The lettering in the copies is grouped somewhat by style, but not by date, and the lettering was for covers dated from 1974 to the early 1980s. This cover uses the burst at the upper left from the page above. When it was prepared for the cover, the open letters were filled around with black and a reverse photostat was made of the top line to produce white letters on a black background, something Marvel often did at the time on covers. It works fine here, and may have been done by Danny himself. The second rectangular caption at the bottom, also by Crespi, has white letters on a red background, which was done at the color separators following a color guide by Marie Severin, or whoever did the guide at the time, but a reversed stat might also have been pasted on the cover art for that.
More captions by Crespi, and on some of them, notice how he’s extended the straight border lines beyond the corner. When the blurb was resized and cut out to paste on the cover, it was then easy to give it sharp corner points. I like the texture in the open letters of SHOOT and the rough caption border around it, things Danny may have copied from Saladino.
This cover uses the BLOOD CHURCH caption from the page above, with the top line held in red on the yellow background by the color separator. Crespi also did the balloons, which might appear on another page of the collection, or not.
Captions and blurbs by Danny, with one word balloon at lower right. Note that it doesn’t have a tail, those were added after the lettering was pasted on the cover. There’s lots of variety and texture here, and you can find a few foot-kick R’s. SHOWDOWN DAY is in a style often used by Artie Simek, who was still at Marvel until his death in 1975, but not doing new cover lettering in the 1970s, as far as I can tell.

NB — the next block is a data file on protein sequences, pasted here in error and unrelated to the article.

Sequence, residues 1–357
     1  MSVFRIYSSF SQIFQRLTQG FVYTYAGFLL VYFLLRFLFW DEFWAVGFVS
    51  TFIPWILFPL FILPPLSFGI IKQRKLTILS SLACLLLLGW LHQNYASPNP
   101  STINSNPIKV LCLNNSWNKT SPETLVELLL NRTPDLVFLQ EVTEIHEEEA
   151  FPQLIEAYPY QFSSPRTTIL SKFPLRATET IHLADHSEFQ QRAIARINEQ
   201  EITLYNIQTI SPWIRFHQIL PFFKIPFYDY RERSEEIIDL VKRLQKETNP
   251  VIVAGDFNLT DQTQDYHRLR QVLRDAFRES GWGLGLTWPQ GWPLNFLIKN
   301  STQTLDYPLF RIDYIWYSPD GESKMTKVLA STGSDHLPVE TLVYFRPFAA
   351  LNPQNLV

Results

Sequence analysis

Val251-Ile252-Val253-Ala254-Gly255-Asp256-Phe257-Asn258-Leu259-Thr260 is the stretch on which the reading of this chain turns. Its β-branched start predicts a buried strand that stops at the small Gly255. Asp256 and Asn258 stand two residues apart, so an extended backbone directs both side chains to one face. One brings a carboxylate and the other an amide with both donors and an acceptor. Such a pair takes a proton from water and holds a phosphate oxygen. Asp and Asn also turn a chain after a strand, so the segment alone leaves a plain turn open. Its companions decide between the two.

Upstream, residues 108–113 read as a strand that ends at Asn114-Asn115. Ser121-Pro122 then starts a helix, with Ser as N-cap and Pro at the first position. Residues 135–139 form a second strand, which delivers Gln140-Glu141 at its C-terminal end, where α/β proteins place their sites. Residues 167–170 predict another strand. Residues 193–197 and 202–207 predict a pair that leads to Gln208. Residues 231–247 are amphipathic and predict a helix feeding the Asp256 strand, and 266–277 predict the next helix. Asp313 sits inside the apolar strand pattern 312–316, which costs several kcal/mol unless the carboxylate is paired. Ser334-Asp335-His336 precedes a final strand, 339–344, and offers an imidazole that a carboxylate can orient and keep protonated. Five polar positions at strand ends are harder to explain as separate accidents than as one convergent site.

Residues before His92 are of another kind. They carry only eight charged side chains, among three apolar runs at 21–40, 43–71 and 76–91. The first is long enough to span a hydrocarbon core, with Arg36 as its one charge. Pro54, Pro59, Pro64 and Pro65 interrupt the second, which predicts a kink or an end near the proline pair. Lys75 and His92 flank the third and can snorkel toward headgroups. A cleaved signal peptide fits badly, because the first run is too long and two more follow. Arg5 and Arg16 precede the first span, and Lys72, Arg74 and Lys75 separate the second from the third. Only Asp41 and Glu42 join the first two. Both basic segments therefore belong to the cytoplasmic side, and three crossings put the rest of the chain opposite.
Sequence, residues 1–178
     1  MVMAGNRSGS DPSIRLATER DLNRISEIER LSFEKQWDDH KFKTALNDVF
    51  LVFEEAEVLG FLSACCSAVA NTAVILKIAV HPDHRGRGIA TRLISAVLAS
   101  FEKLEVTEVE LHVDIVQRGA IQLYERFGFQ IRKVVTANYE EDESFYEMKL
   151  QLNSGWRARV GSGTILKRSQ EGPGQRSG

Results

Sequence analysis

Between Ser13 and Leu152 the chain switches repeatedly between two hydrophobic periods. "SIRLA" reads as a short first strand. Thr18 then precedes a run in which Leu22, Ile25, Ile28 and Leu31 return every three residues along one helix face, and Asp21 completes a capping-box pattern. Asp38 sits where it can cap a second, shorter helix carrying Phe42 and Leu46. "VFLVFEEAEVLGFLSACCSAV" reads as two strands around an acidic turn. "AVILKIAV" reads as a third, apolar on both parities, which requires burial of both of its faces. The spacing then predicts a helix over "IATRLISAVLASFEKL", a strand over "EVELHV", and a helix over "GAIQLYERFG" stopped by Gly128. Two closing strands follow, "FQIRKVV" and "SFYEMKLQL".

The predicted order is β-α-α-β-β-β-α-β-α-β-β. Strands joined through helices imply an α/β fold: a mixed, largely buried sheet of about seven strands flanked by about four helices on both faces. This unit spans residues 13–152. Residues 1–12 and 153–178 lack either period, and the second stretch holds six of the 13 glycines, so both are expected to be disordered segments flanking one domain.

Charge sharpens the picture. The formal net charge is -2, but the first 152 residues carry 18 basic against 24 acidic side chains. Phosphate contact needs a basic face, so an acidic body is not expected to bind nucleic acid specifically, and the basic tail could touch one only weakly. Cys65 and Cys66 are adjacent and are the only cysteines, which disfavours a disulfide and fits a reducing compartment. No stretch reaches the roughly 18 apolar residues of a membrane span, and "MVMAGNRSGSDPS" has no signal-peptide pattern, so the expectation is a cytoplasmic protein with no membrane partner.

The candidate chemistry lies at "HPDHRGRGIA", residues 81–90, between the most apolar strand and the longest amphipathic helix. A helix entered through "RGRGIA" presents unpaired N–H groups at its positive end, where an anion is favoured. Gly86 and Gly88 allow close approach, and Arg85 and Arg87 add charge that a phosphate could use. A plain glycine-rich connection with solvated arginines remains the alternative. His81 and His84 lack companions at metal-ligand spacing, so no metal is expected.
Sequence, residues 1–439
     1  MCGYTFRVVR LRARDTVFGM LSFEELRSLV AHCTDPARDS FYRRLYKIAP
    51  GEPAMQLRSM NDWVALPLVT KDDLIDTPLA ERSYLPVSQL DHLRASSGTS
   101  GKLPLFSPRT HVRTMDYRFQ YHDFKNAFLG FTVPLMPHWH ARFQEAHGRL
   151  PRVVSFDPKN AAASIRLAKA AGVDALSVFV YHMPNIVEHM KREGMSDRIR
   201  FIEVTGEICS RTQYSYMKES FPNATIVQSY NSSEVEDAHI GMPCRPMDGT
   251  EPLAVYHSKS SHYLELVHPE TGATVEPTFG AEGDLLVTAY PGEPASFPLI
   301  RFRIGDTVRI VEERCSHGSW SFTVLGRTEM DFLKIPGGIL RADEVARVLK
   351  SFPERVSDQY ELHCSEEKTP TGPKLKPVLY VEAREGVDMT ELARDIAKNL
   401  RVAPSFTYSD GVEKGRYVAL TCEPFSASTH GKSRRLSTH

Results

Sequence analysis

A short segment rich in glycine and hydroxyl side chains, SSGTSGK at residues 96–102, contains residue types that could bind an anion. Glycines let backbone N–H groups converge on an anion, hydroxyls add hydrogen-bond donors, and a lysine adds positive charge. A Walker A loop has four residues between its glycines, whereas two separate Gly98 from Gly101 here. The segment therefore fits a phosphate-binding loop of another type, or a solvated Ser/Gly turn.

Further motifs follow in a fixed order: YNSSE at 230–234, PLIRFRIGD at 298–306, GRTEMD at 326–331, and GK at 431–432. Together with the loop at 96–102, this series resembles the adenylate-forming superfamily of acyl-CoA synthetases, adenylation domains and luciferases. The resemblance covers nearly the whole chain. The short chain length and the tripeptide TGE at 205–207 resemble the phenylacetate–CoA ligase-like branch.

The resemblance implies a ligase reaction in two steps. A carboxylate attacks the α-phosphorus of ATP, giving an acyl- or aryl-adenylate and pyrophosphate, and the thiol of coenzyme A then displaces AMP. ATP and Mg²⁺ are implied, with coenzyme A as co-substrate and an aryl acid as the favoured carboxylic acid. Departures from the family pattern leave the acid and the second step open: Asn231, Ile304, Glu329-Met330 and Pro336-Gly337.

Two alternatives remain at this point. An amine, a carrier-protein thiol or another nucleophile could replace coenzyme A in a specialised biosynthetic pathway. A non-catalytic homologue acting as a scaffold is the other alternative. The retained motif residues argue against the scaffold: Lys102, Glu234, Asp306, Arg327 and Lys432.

That FEAR IN FUNLAND burst from the page above appeared on this cover with the lettering reversed. Danny probably planned it that way, as he used a double border to give space for a color there. The texture in FEAR is more impressive on the original, but it works fine here.
Five wide blurbs by Danny on this page, with a few different border treatments. Again, a nice variety of styles and textures, I particularly llike the bullet holes in SHOOTOUT. Crespi was working quite large if these are same-size photocopies. Gaspar generally worked smaller than this, as did I when I did cover lettering at DC. Working larger meant a greater reduction in size for the final use, and that helped cover any flaws in the linework, though I don’t see any here. The top blurb has been cut and pasted, perhaps to change the dimensions of the caption to fit the art better.
That SHOOTOUT blurb is used on this cover with a caption box added to read better against the cover art. AT is reversed white by the color separator, but otherwise it’s unchanged and looks great.
Crespi didn’t use round captions as often as bursts, it’s harder to get the words to fit in them, but the one at upper left works fine. I like the lettering in the middle right box with squared corners on TEAMS WITH, another thing Danny didn’t do often. The serifs at the top of KARA-KAI add the look of forward motion and perhaps Japanese style.
The KARA-KAI caption appeared on this cover along with a different round blurb. Small words in each are color holds. The colorist would indicate that in the color guide, often by running a colored pencil over it with a note of the color percentages, or at least that’s how it was done at DC.
Another good variety of styles and shapes on this page, all by Crespi. Tom Orzechowski described Danny’s cover lettering as fitting between that of Artie Simek and Gaspar Saladino, and I think it was influenced by both. The very angular EXTRA is similar to Gaspar, while LAST STAND is very Simek.